The Sellwood Improvement Association organized in 1894 helped to stimulate many further developments.
The early 1900'a demonstrated how energized the ex-city and infant neighborhood had become. The Eastside Mill and Lumber Company was formed by a group of businessmen who capitalized on the robust building boom which occurred in many areas on the east side of the river after the nation's depressed economic period of the late 1890's. Portland Railway, Light and Power Company extended a streetcar line through Sellwood along 13th Street to Waverley Golf Junction where passengers could transfer to Oregon City and Estacada. And in 1905 a large cable ferry,
At one point, there was 80,000 square feet of car barns between Linn and Ochoco Streets which serviced a large percentage of the city's streetcars and was probably the single largest source of employment in Sellwood.
Oaks Amusement Park, the oldest continously operatng amusement park in the nation, was developed in 1905 to the north of the neighborhood immediately below the Sellwood bluff bringing an added excitement and gaiety with its thrilling rides, melodious merry go round, roller rink, extraordinary fireworks shows and a veriety of concessions which served temptingly exotic treats. The band stand at Oaks saw such notable performers as John Philip Sousa.
Possibly one of the first breweries in the Pacific Northwest was the Mount Hood Brewery. located at 9th and Marion Streets. Built about 1910, the brewery played an active role in Sellwood until prohibition. Presently, this site is occupied by a local ice cream company.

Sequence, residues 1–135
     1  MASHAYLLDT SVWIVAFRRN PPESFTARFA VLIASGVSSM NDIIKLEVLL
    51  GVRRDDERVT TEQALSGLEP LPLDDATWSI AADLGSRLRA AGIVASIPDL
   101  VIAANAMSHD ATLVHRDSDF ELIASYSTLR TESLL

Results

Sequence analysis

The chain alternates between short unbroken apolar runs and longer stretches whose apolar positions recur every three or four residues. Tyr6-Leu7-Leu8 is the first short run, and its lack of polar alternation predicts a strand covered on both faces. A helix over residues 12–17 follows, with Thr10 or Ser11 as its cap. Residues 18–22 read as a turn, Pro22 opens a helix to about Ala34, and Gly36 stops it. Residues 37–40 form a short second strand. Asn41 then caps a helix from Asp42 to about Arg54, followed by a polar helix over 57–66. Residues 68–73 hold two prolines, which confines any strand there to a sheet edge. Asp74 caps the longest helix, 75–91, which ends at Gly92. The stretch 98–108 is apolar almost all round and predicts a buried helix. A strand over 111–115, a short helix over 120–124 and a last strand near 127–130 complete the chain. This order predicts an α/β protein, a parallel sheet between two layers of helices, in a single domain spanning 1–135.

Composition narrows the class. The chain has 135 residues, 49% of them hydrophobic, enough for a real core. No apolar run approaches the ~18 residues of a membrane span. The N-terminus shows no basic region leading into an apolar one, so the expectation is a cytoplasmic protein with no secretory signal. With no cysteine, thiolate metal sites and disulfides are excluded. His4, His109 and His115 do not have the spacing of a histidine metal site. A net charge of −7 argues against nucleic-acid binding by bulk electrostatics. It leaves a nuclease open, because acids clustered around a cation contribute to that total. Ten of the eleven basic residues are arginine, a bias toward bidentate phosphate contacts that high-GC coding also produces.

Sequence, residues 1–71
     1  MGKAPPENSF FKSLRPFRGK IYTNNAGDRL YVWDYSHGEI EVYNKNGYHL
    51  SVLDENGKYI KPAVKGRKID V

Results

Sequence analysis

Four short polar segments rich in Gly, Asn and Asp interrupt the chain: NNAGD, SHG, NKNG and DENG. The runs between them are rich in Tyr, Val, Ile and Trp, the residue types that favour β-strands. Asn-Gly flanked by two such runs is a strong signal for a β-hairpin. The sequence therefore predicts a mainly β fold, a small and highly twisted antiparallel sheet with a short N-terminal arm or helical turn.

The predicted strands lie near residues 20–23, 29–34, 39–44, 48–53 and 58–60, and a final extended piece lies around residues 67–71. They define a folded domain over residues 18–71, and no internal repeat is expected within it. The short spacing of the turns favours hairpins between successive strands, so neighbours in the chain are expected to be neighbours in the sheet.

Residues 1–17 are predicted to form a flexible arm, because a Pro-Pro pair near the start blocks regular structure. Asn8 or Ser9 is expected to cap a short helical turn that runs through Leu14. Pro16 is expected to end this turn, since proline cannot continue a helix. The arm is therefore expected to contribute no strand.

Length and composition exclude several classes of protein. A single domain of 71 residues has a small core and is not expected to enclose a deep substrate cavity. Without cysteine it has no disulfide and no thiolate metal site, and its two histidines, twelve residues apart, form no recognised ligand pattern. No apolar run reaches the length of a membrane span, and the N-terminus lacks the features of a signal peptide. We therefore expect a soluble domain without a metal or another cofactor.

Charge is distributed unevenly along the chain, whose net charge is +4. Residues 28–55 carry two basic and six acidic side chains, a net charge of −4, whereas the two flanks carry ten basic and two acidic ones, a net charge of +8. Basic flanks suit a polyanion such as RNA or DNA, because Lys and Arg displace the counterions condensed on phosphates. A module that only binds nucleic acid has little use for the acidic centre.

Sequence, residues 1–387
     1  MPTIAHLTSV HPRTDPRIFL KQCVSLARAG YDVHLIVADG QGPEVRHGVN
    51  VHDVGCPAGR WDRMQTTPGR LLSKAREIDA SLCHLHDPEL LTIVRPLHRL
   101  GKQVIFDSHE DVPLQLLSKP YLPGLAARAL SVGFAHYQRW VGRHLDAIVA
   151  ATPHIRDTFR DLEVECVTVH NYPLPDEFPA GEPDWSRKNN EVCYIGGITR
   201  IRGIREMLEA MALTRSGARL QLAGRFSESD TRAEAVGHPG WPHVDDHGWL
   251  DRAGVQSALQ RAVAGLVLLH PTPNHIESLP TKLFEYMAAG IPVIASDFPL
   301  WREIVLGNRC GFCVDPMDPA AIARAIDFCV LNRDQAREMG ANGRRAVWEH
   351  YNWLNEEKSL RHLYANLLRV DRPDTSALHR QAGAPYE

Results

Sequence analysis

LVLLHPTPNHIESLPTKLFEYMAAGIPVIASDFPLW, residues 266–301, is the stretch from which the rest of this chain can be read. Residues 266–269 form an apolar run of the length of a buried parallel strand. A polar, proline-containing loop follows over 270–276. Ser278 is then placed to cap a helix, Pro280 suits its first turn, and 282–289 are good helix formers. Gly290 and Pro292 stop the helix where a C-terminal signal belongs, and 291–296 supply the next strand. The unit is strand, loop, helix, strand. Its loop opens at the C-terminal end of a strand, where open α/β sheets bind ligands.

Sellwood set an example in the area of community affairs for the entire City of Portland. By the early 1900's the Sellwood Bee recognized the names of over twenty fraternal, social and civic groups. The first branch of the Portland Library Association was established there in 1905. Sellwood Park was the site of the first public swimming pool, operated by the City Park Bureau, in 1910. The YMCA of Portland developed its first branch in the Sellwood area in the same year. Within a few years the Park Bureau began the first city community center, located at the corner of 15th and Spokane, which to this day serves hundreds of people with numerous classes and a wide variety of activities.
Such positive additions continued as the neighborhood matured. The business center shifted to S. E. 13th Street along the newly constructed trolley line, and the original commercial buildings along Umatilla gave way to single family homes. The new brick and mortar structures along 13th Street were truly impressive, creating a monument to the new business district at its prime.
The Sellwood Bridge which spans the Willamette River was constructed in 1925, but even at the onset the two lane structure which provided quicker access to Sellwood was considered inadequate and added less to Sellwood's commercial advantage than expected.
The community maintained its prosperity for years. Yet, as time passed the prospects for further expansion seemed uncertain. The years just after World War II, however, ended the uncertainty. Sellwood was due for a contraction.